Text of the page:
German police are searching for Islamic militants alleged to have planned car bomb attacks on a military hospital in Hamburg and a U.S. army airport in Frankfurt. The hospital was sealed off after a tip-off.
Armed police cordoned off the military hospital in Hamburg.
German authorities said Wednesday they had received information that Islamic terrorists were planning suicide car bomb attacks in early 2004 in Hamburg and Frankfurt. "We have firm indications pointing to individuals planning an attack on the hospital with a car bomb," a police spokesman told Reuters, adding that the suspects were believed to come from the "Islamic terrorist scene."
Hamburg state Interior Minister Dirk Nockemann said their targets included the military hospital in Frankfurt and a U.S. military airport in Frankfurt. German Interior Minister Otto Schily on Wednesday confirmed that the tip-off had come from the U.S. Central Intelligence Agency.
Hamburg Constitution Protection Chief Heino Vahldiek said U.S. intelligence sources had identified two terror suspects. No explosives have been found in Hamburg.
Fears of U.S. targets
The incident comes amid heightened global security fears after U.S. authorities raised their security alert to the second highest level due to signs of a possible attack by al Qaeda, blamed by Washington for the Sept. 11, 2001 attacks. Three of the alleged 19 suicide hijackers had lived and studied in Hamburg for years.
A month ago, police arrested a suspected Algerian militant in the northern German city as part of a Europe-wide probe into a network believed to be recruiting Islamists for suicide attacks in Iraq. Fears are growing that Europe could have become a recruiting ground for Islamists seeking to attack U.S. targets.
A spokesman at the Hamburg military hospital said no U.S. soldiers were currently being treated there, but said American soldiers injured in Iraq had undergone treatment at the hospital in the past.
A spokesman at the U.S. military hospital in Frankfurt said they there was no current terror threat. Security arrangements hadn’t been tightened at the airport.
Terror group with alleged ties to al Qaeda
Nockemann said the terror suspects were connected to the Ansar al-Islam group, which Washington believes is active in fighting its troops in Iraq and has ties to al Qaeda.
German security authorities suspect Ansar al-Islam of smuggling in Islamists prepared for violence into Germany and bringing potential suicide bombers to Iraq. The Bavarian Constitutional Protection report states that the group has about 100 active members, with cells in Munich, Augsburg and Nuremberg. The outfit allegedly consists of up to 1,000 radical Kurds from northern Iraq.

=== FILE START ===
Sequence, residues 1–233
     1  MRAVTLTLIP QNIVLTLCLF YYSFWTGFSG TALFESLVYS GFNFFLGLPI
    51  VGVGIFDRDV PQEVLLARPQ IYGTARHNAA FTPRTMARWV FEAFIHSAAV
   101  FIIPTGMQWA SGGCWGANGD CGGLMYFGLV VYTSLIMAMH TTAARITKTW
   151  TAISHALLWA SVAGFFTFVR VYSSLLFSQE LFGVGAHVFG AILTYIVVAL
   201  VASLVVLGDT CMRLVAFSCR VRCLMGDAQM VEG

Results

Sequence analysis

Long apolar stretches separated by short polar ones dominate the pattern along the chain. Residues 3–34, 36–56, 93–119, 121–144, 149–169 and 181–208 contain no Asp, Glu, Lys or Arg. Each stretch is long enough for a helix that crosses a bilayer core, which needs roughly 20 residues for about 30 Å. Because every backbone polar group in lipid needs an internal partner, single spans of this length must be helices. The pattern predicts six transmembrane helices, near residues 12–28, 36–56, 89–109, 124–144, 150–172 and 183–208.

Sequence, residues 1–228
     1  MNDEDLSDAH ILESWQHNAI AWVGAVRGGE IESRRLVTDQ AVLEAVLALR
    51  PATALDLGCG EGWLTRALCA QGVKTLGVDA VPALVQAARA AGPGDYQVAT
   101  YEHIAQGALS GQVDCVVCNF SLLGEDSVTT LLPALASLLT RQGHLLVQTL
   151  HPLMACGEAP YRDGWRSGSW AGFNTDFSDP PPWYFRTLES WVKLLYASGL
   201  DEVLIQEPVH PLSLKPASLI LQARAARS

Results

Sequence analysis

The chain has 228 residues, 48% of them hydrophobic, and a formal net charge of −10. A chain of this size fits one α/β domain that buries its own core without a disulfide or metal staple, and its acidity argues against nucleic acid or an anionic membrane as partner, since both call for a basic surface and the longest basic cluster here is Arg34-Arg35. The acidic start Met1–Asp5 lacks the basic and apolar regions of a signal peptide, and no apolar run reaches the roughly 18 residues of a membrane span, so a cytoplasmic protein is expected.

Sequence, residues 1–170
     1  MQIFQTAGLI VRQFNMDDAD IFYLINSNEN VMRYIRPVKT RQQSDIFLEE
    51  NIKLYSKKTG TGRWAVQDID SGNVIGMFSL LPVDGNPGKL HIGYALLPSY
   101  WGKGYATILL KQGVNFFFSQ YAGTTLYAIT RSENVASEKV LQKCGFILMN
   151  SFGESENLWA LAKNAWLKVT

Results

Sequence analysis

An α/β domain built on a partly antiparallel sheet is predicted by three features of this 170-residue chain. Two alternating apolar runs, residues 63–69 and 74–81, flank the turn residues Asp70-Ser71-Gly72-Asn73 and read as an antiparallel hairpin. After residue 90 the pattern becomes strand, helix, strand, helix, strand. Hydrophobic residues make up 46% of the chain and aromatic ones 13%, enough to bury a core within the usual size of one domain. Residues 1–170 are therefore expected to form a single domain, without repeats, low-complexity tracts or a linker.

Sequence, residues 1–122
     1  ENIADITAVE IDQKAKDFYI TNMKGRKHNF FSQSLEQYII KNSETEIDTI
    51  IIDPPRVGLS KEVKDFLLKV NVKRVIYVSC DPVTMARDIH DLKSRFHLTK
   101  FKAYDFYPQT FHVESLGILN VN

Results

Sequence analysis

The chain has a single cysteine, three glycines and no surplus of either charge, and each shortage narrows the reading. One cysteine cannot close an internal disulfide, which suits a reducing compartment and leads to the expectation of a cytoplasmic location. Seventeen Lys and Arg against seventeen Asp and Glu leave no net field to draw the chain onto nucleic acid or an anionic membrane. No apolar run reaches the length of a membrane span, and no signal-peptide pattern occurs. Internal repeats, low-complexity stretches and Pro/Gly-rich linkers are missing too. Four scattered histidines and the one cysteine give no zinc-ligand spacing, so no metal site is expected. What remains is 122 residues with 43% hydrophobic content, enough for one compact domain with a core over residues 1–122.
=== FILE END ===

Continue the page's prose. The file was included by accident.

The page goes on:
Mullah Krekar, Kurdish leader of the Iraq-based Islamic fundamentalist group Ansar al-Islam.
Ansar al-Islam leader Mullah Krekar (photo) is reported to personally know Osama bin Laden and is said to view him as "the crown on the heads of Muslims." According to the Constitutional Protection report, Ansar al-Islam wants to fight Christians and Muslims and wants to religiously prepare itself with weapons and money for the "Holy War."
Krekar, who lives in Norway, allegedly collected donations during his visits to Germany and lobbied for his radical group.
Military airport cordoned off
In a massive security operation on Tuesday, about 100 police officers sealed off the military hospital. Troops deployed two armored vehicles, cordoned off surrounding streets and searched parked cars. Around 2,000 neighborhood residents were required to show identification before entering or leaving their apartments.
Police search passers-by near the military hospital in Hamburg.
Though the normal routine continued at the military hospital, where civilians are also treated, patients and hospital staff also had to undergo security checks on Tuesday. The security measures around the building remained in place on Wednesday. A police spokesman said passing cars and pedestrians would have to reckon with search controls.
Schily blasts "premature" police action
German Interior Minister Otto Schily
Meanwhile, German Interior Minister Otto Schily (photo) strongly criticized the police operation in Hamburg and said the premature leaking of suspected terrorism targets would endanger the hunt for the terrorists. "It’s regrettable that the hints made it out in the public so prematurely because that could make the successful clarification of the case more difficult," Schily said in Berlin.
Hamburg security authorities defended the move. Vahldiek said in a television interview that the concrete nature of the tips led authorities to take them seriously.
"Both the federal and state branches of the German Agency for Internal Security informed us in writing about the concrete risk of a terror attack," Dirk Nockemann, said in a statement. "Mr Schily should first obtain information from his own federal authorities before making rash statements."